• Colin Doyle CFO

The real deal with Intuit’s Live Bookkeeping offering

By Ranica Arrowsmith

In early February, Intuit started testing interest for a new bookkeeping service where business owners could “contract” out bookkeepers for small, short-term jobs through Intuit.

The company debuted this test by adding an option for “Live Bookkeeping” services on its web page for QuickBooks price tiers; visitors who clicked on that option saw a message thanking them for their interest, and advising that the service would be available in the future.

“Without sharing a number, we were encouraged by the number of people who said yes and clicked,” said Rich Preece, QuickBooks U.S. country leader at Intuit.

Accounting technology pundits had much to say about the new offering in blog posts and social media. Some held the view that this service would put potential Intuit bookkeepers in direct competition with Intuit’s QuickBooks ProAdvisors, who are certified experts in QuickBooks products, and who are listed in a lead-generating directory hosted by Intuit.

But Intuit sees it differently. According to Preece, when this service goes live, the first people Intuit will be reaching out to serve as contract bookkeepers will be their ProAdvisors.

“We’re not competing with accountants. This [will] expand opportunities for ProAdvisors to work with small businesses,” Preece said. “We are incredibly fortunate to have very deep relationships with hundreds of accountants in the U.S. It would make no sense to start anywhere else.”

He went on to explain that while the ProAdvisor directory is essentially a lead generation platform, Intuit Live Bookkeeping will allow accountants who are looking for other work options, or some flexibility, to find paid bookkeeping work — for instance, stay-at-home parents who want to work just a few hours a week; or a firm that wants to delegate two accounting staff to do live bookkeeping full-time via Intuit’s platform.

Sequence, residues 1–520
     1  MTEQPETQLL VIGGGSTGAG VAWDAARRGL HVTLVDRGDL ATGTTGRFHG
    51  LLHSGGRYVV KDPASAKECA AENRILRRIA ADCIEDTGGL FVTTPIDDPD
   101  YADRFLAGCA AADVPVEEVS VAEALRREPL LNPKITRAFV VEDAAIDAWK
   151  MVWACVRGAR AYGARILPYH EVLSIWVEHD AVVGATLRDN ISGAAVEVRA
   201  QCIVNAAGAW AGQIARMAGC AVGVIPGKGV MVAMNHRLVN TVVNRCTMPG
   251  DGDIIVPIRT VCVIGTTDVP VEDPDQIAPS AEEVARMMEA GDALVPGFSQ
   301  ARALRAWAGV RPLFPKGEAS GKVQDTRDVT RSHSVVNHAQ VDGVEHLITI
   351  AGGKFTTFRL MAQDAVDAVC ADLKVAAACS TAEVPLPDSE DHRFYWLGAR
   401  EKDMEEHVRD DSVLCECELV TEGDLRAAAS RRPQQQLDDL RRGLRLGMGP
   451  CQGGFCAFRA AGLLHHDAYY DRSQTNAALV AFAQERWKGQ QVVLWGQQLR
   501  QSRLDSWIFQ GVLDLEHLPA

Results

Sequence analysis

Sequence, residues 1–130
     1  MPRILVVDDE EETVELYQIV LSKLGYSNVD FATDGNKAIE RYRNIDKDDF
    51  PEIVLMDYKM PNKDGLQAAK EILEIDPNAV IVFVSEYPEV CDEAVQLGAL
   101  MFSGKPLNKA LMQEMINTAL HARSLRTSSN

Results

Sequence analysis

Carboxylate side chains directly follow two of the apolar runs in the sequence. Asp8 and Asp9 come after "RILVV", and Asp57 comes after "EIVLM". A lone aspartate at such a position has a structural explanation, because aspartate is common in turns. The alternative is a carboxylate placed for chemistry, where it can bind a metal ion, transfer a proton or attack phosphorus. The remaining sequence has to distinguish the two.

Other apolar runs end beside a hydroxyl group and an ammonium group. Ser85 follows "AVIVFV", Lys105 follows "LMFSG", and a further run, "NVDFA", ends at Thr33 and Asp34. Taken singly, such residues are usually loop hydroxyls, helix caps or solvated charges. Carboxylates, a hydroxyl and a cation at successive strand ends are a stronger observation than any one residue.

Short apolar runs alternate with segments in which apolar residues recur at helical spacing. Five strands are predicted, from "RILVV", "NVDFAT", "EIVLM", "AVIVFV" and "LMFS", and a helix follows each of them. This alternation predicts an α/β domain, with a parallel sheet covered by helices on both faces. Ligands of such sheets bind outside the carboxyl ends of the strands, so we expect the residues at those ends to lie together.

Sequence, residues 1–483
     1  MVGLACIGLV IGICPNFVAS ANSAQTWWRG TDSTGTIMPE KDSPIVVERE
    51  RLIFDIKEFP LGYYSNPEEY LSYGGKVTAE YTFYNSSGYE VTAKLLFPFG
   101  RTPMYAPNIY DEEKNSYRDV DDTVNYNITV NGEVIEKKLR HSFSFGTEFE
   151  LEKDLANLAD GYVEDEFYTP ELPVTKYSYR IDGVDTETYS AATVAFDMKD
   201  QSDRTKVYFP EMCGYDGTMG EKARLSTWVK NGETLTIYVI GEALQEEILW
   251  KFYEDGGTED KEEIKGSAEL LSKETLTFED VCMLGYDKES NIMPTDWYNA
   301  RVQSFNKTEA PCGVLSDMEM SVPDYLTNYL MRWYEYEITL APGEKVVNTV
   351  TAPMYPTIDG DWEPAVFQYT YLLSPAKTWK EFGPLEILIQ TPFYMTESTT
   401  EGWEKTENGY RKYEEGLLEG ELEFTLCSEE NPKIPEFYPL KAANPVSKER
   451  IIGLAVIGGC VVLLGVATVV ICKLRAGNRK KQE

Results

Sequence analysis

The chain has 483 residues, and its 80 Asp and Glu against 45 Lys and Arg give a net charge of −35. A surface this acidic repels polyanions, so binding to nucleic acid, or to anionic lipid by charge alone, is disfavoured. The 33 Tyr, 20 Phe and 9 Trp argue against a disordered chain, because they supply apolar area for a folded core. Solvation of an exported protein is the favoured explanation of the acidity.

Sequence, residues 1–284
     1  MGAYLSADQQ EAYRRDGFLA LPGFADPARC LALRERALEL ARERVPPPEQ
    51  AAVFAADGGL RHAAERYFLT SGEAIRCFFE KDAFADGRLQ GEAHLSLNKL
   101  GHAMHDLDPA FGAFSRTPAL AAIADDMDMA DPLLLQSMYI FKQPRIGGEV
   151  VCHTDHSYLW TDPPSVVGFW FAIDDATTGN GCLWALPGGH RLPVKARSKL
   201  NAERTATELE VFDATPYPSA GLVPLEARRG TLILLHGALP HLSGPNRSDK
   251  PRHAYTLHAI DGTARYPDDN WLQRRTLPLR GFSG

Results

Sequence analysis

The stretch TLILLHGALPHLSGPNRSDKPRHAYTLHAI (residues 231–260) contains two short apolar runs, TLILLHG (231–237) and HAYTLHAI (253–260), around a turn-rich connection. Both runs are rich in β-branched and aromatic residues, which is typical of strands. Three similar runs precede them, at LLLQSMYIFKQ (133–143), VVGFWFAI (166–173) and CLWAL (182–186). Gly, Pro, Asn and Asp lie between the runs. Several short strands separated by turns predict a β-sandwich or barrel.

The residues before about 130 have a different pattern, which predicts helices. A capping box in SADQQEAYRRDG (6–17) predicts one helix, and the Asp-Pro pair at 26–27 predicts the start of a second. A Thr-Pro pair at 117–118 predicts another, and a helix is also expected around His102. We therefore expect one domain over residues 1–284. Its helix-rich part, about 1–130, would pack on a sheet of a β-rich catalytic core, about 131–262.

Small businesses are usually best served by a bookkeeper or accountant who works consistently with the organization and knows the business well. For this reason, some may not see much value in on-demand contract bookkeeping where a business gets paired with whoever’s available to do a certain isolated job. However, Intuit hopes that a Live Bookkeeping offering will be an entryway for small businesses that can’t afford an accountant to get a little bit of help as they need it — and possibly see enough value in a bookkeeper to hire full-time accounting help.

It is true that a significant number of small businesses do without an accountant because they see it as an unnecessary expense, especially when just starting out. However, a common pitfall for such businesses is that they end up spending a lot of time figuring out their books — or not managing their books well — taking time away from running the actual business they love. This is the problem Intuit is seeking to crack with Live Bookkeeping.

This is not the first and only foray into contract work for Intuit. Its tax prep software, TurboTax, has offered the option to reach out to a real tax preparer from within the program if a taxpayer gets stuck at some point during the process.

On March 27, Intuit renewed the test on its QuickBooks website with new information: The (test) price is now around $400 a month, as opposed to the approximate $200 a month advertised in the February test. The test is only visible to some web visitors.

There is currently no definite start date for when Live Bookkeeping will launch, as Intuit is still testing the waters. But when it does, it will be new ground for the accounting software giant, which may pave the way for others to follow.

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